Zaatari is a refugee camp in northern Jordan, home to 80.000 civilians escaping war in Syria. Open since 2012, it has transitioned from the largest Syrian refugee camp in the world to a permanent settlement, the 4h largest city in Jordan.
According an United Nations report, the average stay in a refugee camp is 17 years. With little hope on coming back home, the population living there are now struggling to create a livelihood, as an economy emerges inside the camp.
Though built by UNHCR and the Jordanian government, it was the refugees themselves who transformed Zaatari in a city of tomorrow. The population living there established a social fabric that gives the new born city a sense of permanence and a spirit of ‘home’.
The wall defining the north limit of the camp. Zaatari is a refugee camp in northern Jordan, close to the Syrian border. Since its opening, it has been gradually evolving into a permanent settlement.
Mosque at section D7.
Women walk by Champs Elysée, main avenue in Zaatari, where all the shops are located.
Market street, a place where many small business have been established, since the inauguration of the camp.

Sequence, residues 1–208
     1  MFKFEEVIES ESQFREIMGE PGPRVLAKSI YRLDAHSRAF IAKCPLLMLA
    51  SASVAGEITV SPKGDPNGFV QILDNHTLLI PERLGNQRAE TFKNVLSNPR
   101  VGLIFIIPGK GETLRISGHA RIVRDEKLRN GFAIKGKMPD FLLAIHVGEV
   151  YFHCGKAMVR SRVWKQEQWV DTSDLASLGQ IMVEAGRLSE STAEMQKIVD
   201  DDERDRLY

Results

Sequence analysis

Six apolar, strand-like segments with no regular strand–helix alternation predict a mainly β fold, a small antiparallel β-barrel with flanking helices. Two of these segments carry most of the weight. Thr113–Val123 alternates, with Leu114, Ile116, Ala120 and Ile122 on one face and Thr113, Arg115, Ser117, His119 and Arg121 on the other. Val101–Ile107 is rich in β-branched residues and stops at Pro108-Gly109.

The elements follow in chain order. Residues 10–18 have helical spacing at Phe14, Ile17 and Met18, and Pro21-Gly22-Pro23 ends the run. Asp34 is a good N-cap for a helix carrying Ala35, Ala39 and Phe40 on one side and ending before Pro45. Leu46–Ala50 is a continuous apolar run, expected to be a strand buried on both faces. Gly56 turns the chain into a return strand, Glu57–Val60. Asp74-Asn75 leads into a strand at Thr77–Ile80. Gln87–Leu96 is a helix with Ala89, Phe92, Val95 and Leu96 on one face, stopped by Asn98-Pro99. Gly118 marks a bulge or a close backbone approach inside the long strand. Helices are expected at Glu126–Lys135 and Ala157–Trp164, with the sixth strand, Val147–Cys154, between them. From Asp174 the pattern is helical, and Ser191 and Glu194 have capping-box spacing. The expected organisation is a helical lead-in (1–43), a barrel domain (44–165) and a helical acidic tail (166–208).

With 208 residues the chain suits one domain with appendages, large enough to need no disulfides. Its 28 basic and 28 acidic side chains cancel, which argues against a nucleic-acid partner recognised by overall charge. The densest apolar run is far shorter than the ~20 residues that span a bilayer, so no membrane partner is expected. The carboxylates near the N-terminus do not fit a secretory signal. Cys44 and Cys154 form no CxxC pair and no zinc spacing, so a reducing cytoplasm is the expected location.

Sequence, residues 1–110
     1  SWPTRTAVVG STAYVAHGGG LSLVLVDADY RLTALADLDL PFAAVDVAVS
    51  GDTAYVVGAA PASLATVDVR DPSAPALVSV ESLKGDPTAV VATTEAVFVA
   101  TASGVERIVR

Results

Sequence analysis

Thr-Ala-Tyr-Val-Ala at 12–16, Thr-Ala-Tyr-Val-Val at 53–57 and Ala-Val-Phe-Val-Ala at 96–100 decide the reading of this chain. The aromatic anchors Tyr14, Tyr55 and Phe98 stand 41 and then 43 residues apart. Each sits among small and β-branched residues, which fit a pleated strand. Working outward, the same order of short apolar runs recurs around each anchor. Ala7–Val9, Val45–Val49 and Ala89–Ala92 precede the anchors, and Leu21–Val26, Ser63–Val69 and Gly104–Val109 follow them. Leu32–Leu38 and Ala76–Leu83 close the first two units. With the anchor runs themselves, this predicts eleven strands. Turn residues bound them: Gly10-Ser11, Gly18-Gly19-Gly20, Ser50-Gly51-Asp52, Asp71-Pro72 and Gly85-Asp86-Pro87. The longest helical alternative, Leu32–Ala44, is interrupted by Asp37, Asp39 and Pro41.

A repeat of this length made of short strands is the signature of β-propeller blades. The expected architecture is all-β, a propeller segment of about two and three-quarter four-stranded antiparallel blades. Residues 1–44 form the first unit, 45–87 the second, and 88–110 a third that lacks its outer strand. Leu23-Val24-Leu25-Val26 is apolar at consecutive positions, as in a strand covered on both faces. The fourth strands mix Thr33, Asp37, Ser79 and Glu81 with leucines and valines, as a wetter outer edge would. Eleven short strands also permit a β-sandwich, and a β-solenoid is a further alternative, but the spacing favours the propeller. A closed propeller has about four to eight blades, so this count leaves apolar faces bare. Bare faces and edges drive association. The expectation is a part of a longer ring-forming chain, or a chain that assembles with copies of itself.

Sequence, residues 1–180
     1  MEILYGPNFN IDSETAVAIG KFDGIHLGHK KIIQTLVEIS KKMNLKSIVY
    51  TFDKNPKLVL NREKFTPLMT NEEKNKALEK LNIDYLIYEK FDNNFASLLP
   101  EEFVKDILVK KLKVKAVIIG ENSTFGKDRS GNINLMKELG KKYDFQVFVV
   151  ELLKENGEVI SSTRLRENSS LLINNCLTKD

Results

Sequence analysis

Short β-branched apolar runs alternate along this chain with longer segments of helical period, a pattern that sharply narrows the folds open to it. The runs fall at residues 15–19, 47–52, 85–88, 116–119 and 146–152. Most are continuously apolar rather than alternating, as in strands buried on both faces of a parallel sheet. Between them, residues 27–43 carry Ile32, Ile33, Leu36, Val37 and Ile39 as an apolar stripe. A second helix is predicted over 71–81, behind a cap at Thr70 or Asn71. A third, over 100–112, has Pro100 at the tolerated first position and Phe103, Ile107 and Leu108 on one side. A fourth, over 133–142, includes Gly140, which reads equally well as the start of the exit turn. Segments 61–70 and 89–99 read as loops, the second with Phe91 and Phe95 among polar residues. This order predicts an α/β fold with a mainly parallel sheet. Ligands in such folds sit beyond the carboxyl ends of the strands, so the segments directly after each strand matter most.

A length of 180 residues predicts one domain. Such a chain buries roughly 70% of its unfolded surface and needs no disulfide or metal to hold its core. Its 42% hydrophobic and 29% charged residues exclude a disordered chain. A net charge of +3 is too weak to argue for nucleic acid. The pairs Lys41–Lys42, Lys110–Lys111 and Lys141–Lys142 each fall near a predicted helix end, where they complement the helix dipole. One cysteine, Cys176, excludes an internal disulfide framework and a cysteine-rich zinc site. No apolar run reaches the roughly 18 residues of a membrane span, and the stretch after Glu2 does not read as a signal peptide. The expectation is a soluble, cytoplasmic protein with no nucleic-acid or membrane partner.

Children trying to catch wifi signal. The only spot with available internet is next to UN main office inside the camp.
Safaa Hasam, 8 years old, washing dishes. Zaatari is a refugee camp in Jordan, that has been gradually evolving into a permanent settlement.
A young boy stands by his shelter entrance.
Nassel Ali Al Hariri, 55 years old, he arrived in the camp on 2011 after his house was destroyed. His children died from a barrel bomb dropped by the Syrian government, forcing him to flee into Jordan.
Mohammed, from Homs, 46 years old, father of 3. Used to work dealing cars for a company in Syria. Arrived in Zaatari in 2013. The shadow cast in his body is from his eldest son.
Despite the harsh conditions inside the camp Mohammed says he's grateful for the Jordanian people to have received him and his family.
Siham, 24 years old, from Homs. She came to the camp with his husband, who defected from the Syrian Army, the reason why they escaped to Jordan.
Amna Abdul Kareem (75), Salam (5) and Rania (13) are members of a family coming from Da'ara in 2013. The entire family crossed the border by foot, when the conflict in Syrian reach their neighborhood.
Bashar Ali, 23 years old, from Da'ara. Arrived in Zaatari in 2012, crossing the border legally. He got married 6 months after his arrival in Zaatari, where he met his wife. She gave birth to a little girl in September 2016.
Tea time for a refugee inside a shelter in Zaatari. He asked not to show his face, as part of his family are still in Syria. He was a government worker in Damascus.